The red-tailed hawk's scientific name is Buteo jamaicensis. According to National Geographic, the red-tailed hawk is the most common hawk in North America and can be found throughout Central America and on the islands of the West Indies. This bird of prey ranges as far north as Alaska and northern Canada, and south to the mountains of Panama.
Red-tailed hawks have adapted to survive in a wide variety of habitats, climates and altitudes, from deserts to mountains to tropical rain forests. They have also adapted well to human constructions. Red-tailed hawks often use telephone poles to scout for prey along roadsides. Fence posts are another favorite perch.
These birds are among the largest raptors in the world. They have a wingspan of about 4 feet and can weigh up to 4 lbs. This large size gives them the strength and bulk necessary to catch prey that smaller raptors could not handle.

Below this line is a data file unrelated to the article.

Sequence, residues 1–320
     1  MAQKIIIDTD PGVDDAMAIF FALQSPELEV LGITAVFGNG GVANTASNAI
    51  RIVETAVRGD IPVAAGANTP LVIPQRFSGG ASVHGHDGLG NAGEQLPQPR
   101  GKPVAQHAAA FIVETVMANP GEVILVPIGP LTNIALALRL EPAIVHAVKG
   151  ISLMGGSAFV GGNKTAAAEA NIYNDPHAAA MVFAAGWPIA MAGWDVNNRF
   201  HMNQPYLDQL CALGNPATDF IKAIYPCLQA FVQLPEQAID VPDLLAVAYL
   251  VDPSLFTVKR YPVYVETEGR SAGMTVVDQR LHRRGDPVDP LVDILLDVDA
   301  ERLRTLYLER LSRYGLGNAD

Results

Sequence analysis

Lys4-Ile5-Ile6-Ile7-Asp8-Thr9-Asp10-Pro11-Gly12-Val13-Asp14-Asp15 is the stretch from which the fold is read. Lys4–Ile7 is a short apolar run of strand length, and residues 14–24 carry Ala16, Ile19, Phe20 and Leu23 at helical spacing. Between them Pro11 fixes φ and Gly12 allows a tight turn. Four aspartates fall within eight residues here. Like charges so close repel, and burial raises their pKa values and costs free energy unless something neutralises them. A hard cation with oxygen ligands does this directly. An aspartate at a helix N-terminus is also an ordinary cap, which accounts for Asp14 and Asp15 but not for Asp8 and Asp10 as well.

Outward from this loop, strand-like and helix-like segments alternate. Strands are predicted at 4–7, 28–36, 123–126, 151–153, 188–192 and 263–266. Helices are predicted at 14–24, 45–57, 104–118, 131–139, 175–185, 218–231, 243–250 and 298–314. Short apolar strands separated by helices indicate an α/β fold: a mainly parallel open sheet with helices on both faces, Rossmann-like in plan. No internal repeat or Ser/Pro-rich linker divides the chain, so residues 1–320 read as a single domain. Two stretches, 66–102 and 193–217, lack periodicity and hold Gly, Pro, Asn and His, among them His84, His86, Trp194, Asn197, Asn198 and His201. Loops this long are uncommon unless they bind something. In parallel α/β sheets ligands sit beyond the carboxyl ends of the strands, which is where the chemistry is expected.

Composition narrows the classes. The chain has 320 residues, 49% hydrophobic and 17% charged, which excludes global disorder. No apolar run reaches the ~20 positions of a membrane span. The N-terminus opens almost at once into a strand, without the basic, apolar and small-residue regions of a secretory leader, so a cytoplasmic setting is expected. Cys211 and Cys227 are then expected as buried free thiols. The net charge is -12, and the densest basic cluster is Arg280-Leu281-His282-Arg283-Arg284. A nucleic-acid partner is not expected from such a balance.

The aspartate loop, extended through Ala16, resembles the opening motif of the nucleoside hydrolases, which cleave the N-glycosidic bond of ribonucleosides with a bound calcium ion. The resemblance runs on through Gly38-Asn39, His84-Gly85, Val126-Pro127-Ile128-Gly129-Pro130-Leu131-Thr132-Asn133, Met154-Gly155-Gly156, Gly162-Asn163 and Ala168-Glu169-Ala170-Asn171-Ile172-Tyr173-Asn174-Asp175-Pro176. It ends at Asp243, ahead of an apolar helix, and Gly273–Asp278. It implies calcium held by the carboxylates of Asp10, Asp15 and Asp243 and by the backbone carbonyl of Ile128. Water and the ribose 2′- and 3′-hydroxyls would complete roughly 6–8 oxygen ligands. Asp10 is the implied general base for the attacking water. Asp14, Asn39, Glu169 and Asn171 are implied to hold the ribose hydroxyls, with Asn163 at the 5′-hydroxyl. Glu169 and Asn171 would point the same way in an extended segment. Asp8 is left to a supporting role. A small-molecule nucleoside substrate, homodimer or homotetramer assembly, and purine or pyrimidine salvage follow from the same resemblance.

Red-tailed hawks have keen eyesight and can spot prey from great distances. They prefer hunting in open areas where prey cannot hide from their superior vision. The birds often soar in wide circles over fields in search of food. Unlike the quick dive of a falcon, red-tailed hawks dive in a slower controlled way once prey has been located. For the most part, these birds are adapted to hunt for small mammals such as mice, squirrels and rabbits. Other prey items may include lizards, frogs, snakes, fish, bats and smaller bird species.
These raptors have adapted to building nests made out of sticks high in the air. This reduces the exposure of the eggs and chicks to predation. According to Animal Diversity Web, "The female is usually the more aggressive partner around the nest itself, whereas the male more aggressively defends the territory boundaries." Egg incubation is four to five weeks. Young are fed by the parents from the time they hatch until they leave the nest about six weeks later.
About the Author
Dan Fielder has been writing professionally since 2005. He has written for the "Catskill Mountain Region Guide" magazine in upstate New York and was a copy editor for "The Ojai Bubble." He holds an Associate of Arts from Columbia-Greene College.